The March FOMC minutes were consistent with both parts of our call, that there will be no further rate hikes and that, in the near term, there will be no rate cuts. The consensus among FOMC participants is clearly that there is little prospect of a need to tighten further arising in the near term. The minutes also reinforced our skepticism that the FOMC would raise rates in 2020, as the March median dots suggested. The minutes did not indicate that policymakers are inclined to “undo” some of the tightenings from last year by cutting rates in the near term. Click here for the full commentary.
In addition to the March FOMC minutes, several policymakers expressed support for the current “patient” stance. The overall message appeared to be cautious optimism and continued vigilance about inflation. There was a consensus that some of the worries about a weaker global outlook have subsided, at least in part. Clarida (Apr. 11) was hopeful for improvement in the global growth picture later this year. He also highlighted the possibility that the range of plausible estimates of the NAIRU “likely extends at least as low as the current level of the unemployment rate” (Apr. 9).
Evans (Apr. 15) repeated his projection for no rate hikes until late 2020 on account of inflation being “a little bit lighter.” Weaker inflation data was an argument against “premature tightening.” In his speech, he suggested a stronger commitment to improving inflation outcomes: “The Fed must be willing to embrace inflation modestly above 2 percent 50 percent of the time.” He suggested 2.5% inflation as a possible threshold: “Indeed, I would communicate comfort with core inflation rates of 2.5 percent, as long as there is no obvious upward momentum and the path back toward 2 percent can be well managed.” While he expressed hope for an optimistic outcome, he also noted that a softer outlook could mean “policy may have to be left on hold — or perhaps even loosened.”
Williams (Apr. 11) was concerned that inflation being persistently below target could erode inflation expectations as well. He said worries of a greater-than-expected slowing in the economy “have receded somewhat” since last quarter. He saw the flat yield curve as a portent of lower interest rates rather than a recession. Brainard (Apr. 11) noted the importance of anchoring inflation expectations at 2% and said the FOMC’s current policy stance was intended to help achieve that. She saw growth as exceeding potential, but only slightly, and saw downside risks. Bullard (Apr. 11) seemed in accord with the patient’s posture. Kashkari (Apr. 11) reiterated his preference for avoiding a restrictive stance, and he thought the current funds’ rate was close to neutral. He thought there was still slack in the labor market.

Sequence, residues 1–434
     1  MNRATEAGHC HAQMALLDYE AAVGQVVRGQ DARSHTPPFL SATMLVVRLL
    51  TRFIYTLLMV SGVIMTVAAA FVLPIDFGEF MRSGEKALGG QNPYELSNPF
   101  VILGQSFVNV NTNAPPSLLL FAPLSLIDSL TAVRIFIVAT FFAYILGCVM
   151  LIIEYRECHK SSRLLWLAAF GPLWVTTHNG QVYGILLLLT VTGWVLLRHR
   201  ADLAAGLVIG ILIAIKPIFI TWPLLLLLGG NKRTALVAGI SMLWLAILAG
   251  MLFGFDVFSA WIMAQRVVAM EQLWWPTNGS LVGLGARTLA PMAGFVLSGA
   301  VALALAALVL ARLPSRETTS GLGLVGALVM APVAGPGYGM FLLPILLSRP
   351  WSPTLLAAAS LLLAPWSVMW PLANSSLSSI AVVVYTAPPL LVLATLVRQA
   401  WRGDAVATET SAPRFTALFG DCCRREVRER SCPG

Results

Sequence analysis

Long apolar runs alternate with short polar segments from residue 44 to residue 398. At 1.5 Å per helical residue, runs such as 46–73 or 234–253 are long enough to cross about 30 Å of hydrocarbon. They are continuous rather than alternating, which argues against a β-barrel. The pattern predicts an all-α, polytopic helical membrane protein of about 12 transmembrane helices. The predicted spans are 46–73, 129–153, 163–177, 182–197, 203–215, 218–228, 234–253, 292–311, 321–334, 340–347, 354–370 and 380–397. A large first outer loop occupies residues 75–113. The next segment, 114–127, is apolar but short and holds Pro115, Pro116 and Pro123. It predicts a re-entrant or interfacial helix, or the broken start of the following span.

Bullard opposed maintaining the “patient” wording in the post-meeting statement, instead preferring more neutral language that didn’t necessarily suggest a normalization program. Such a wording change was also discussed at the March meeting, although no decisions were made. He also cast doubt on depending on the Phillips curve: “It is no longer enough to merely cite strong labor markets and simply assert that inflation must
be around the corner.” Kashkari echoed a similar argument, instead preferring wage growth as a better gauge of maximum employment.
Additionally, Chairman Powell addressed a U.S. Democratic Party retreat last week. He was reported to have reiterated that current interest rates are appropriate and that the U.S. outlook is affected by an economic slowdown abroad, notably in China. He also allegedly said that the slowdown in Europe was more pronounced than the Fed anticipated.
|Source||Current||One Week Ago||Two Weeks Ago|
|Atlanta Fed GDPNow||2.3%||2.3%||1.7%|
|New York Fed Staff Nowcast||1.4%||1.4%||1.3%|
Core CPI prices posted only a modest gain in March. While producer prices and import prices, on the other hand, were somewhat firmer than the consensus, on balance it looks likely that the core PCE print for March will be quite modest. In the preliminary Michigan survey for April, the measure of longer-term inflation expectations returned to its all-time low of 2.3%, where it was as recently in February, from 2.5% in March.
|Release||Period||Actual||Consensus||Revision to Previous Release||Previously Released Figure|
|Factory Orders MoM||Feb||-0.5%||-0.5%||0.0%||0.1%|
|Durable Goods Orders MoM||Feb F||-1.6%||-1.6%||—||-1.6%|
|Core Capital Goods Orders MoM||Feb F||-0.1%||—||—||-0.1%|
|Core Capital Goods Shipments MoM||Feb F||-0.1%||—||—||0.0%|
|Core CPI MoM||Mar||0.1%||0.2%||—||0.1%|
|Core CPI YoY||Mar||2.0%||2.1%||—||2.1%|
|PPI Final Demand MoM||Mar||0.6%||0.3%||—||0.1%|
|PPI Final Demand YoY||Mar||2.2%||1.9%||—||1.9%|
|Core PPI MoM||Mar||0.3%||0.2%||—||0.1%|
|Core PPI YoY||Mar||2.4%||2.4%||—||2.5%|
|Import Price Index MoM||Mar||0.6%||0.4%||1.0%||0.6%|
|Import Price Index YoY||Mar||0.0%||-0.6%||-0.8%||-1.3%|